Kevin:   These are severely disabled people, aren’t they?
Michael:   Well, there’s a variety of all different sorts of disabilities, but we’re focusing on the severely disabled that need 24-hour care.
Kevin:   Okay. Yep.
Michael:   So the government pays two trenches of payment. One for the accommodation and one for the care. We work with the provider who will work out of the investor’s house and profit share with the investor. And that’s basically how … there’s three or four different levels of payment on offer, but typically most investors will work into a profit share with the registered provider.
Kevin:   Okay. So it’s not like a normal return on investment. There is a business being run out of it which is endorsed or supported by the government and that business is to care for the severely disabled person. So that carer lives in the house.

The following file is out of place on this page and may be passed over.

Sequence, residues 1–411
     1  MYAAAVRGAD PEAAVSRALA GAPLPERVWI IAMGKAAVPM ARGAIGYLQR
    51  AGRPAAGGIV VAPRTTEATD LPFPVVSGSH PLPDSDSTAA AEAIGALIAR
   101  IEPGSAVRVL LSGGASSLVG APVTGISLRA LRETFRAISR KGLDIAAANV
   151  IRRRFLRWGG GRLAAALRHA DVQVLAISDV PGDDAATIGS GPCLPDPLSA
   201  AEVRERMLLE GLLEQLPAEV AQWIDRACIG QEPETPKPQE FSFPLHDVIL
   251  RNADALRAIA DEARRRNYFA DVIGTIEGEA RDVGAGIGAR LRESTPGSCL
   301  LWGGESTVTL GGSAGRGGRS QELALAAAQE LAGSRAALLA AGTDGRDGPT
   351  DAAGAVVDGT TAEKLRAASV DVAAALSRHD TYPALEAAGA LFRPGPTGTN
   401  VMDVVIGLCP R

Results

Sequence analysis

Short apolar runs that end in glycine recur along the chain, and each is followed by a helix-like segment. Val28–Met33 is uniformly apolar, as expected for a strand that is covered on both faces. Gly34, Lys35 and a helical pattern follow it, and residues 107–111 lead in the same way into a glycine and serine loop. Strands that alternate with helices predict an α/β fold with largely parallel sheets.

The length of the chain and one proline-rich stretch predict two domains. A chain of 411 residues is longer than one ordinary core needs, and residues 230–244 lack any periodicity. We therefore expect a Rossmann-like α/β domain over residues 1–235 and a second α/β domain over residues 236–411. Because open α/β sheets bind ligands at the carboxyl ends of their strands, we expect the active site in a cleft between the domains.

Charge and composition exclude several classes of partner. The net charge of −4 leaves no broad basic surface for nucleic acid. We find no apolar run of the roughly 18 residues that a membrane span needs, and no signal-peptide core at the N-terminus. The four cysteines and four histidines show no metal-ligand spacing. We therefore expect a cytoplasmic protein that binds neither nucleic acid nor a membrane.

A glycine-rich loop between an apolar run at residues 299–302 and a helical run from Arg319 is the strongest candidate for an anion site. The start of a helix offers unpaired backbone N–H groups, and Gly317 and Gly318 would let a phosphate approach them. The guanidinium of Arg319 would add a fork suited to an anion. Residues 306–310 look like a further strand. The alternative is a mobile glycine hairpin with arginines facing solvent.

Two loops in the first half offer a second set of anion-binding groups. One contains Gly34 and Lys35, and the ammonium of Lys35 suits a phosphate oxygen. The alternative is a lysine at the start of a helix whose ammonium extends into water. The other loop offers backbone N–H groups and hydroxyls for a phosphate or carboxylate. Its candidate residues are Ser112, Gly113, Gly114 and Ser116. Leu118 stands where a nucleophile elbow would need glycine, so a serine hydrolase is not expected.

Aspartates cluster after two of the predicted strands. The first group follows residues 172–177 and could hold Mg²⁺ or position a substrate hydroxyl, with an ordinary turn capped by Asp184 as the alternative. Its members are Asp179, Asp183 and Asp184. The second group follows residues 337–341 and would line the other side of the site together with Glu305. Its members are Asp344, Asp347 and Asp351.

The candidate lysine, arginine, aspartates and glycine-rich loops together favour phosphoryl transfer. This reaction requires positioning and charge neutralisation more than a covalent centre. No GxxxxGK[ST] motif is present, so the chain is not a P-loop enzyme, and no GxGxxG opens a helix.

Michael:   Well, the carers, these people who are disabled, they need 24-hour care. So the carers work on 8-hours shift, so there are three 8-hour shifts a day. It’s obviously ongoing 24-hour care on offer for all these severely disabled people.
Kevin:   Now, I imagine, too, these properties will have to be specially built to accommodate for this. Are there many special needs that go into these houses?
Michael:   Yeah, there’s a livable housing guide specification where these houses are built to what’s called a platinum finish, but they look like a five-star house. So what they’re trying to do is integrate the disabled people into the community, so they’ll feel like they’re normal, take them out of the nursing home and the churches and all these old houses where they’re feeling just a bit neglected, and the government is to try and get them into the community. And help their families out with putting them into nice five-star type houses. So even though the houses are specked up and there’s things in the property that are needed for the care, they’re still really nicely decked out with the five-star finish.